What I Learned in Therapy Lesson 4: It wasn’t my fault
Therapy Lesson #4: I wasn’t responsible for the sexual abuse nor did I deserve any of it.
This was a VERY tough lesson. It’s a very tough lesson for most victims of abuse but especially so for people who experience long term abuse as children. So many of the circumstances around abuse and developmental truths about children can feed into the perception on the victim’s part that they “deserved” the abuse, they “asked” for the abuse or they are some kind of pathetic target for abuse because there is something fundamentally warped in them. We can have a very good cognitive understanding that it wasn’t our fault, but to get that emotionally? Long uphill battle. There is an almost incomprehensible level of shame around this subject, which doesn’t make it easy to talk about. But the only way to break through shame is to talk about it. Terrifying to say the least. Couple this with the fact that so many victims actually believe that if they get close to someone and let them know what happened, they’ll infect them with their “darkness.” So it took a very long time and being told over and over and experiencing compassion from so many people around me to learn this one.
OK let’s start with the basics as told to me by both my first therapist and the Boundary Ninja. Whenever there is sexual contact between a caregiver and a child, it is ALWAYS the caregivers responsibility. Always, no exceptions. Nope, not that situation either (whichever one you just started to offer as the exception). For starters, a child is dependent upon their caregiver for their very survival, and the will to live is extremely strong, so saying “no” to someone upon whom your live depends when you are small and powerless REALLY is not a possibility. I remember once talking to BN about some of the things I “did” to survive, in terms of “willingly” participating in the sexual abuse. I felt horrible and guilty and ashamed. He told me that I did what was necessary to survive and I told him that I was still ashamed, that there are things worse than death. To which the BN responded, that is a very advanced cognitive thought and not one available to a child. He was quite clear and firm about this one. What really helped me was to think of one of my daughters at four or five years old (as clearly as I can put it together which is fairly murky at best, to be honest, the abuse began when I was around four or five years old) telling me no about anything, let alone anything as ambiguous as sexual contact.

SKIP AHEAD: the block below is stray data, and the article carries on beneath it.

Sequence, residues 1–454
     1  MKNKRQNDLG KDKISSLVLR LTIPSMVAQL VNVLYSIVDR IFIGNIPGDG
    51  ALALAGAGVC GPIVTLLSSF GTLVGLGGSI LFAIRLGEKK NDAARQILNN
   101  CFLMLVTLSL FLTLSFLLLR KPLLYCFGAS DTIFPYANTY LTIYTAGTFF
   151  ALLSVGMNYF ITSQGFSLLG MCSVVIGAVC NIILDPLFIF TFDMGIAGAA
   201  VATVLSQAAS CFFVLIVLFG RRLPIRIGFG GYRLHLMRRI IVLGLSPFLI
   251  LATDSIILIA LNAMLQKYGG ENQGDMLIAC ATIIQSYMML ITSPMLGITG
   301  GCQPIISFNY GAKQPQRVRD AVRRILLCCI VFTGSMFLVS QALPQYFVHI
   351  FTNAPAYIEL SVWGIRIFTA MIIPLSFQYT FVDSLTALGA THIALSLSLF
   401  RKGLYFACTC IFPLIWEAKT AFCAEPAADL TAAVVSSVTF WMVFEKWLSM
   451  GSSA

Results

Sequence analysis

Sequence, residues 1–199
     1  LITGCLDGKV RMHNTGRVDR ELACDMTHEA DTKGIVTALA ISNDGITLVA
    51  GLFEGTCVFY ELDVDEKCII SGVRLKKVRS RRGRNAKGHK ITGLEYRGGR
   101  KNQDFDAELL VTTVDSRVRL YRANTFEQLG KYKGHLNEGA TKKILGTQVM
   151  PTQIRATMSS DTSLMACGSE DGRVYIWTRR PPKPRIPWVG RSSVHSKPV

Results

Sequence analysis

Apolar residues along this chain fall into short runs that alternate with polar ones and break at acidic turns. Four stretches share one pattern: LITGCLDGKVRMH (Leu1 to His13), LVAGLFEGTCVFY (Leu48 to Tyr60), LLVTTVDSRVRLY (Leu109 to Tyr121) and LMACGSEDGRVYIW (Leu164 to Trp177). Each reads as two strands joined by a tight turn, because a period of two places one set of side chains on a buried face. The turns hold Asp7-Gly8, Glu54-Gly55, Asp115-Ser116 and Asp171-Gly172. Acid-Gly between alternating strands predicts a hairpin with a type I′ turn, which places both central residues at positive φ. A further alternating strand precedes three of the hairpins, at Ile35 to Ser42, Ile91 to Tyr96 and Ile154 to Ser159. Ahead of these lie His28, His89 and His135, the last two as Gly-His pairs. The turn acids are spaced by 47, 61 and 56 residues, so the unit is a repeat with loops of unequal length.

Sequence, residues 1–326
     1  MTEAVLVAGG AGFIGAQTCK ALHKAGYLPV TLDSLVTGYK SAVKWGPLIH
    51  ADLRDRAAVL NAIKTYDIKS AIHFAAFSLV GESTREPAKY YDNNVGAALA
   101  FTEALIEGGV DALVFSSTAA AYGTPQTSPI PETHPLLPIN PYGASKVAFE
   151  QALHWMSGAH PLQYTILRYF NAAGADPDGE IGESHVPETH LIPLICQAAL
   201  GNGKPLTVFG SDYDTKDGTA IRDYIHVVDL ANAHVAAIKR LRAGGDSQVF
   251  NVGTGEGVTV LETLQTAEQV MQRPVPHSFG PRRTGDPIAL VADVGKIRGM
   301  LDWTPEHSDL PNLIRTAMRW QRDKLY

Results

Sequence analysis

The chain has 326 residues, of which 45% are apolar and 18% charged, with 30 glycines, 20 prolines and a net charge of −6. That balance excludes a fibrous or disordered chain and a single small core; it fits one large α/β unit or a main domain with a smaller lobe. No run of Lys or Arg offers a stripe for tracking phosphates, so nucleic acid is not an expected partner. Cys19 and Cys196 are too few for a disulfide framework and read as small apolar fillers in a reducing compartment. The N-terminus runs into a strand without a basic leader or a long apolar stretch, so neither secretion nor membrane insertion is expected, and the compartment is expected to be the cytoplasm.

Children are not sexually mature and are therefore never seeking sex. They are asking for physical closeness, affection and comfort, all healthy needs in a child. Part of attachment theory was the understanding that a defenseless infant/child must stay close to an adult in order to be protected when a threat appeared. So our biological instinct is to seek out proximity to our caregivers. Touch is very powerful. Think about the fact that we hug hello and goodbye in our important relationships. Skin to skin touch is one way we acknowledge significant bonds and it grows out of this need to be close. Also, because our frontal cortex does not come online until around the age of two, the presence of a caring other is conveyed by touch. When in distress, we are pulled in close, held, cradled and spoken to softly. This is how we learn we matter, that our needs are responded to by loving, gentle touch. That is what a child is seeking.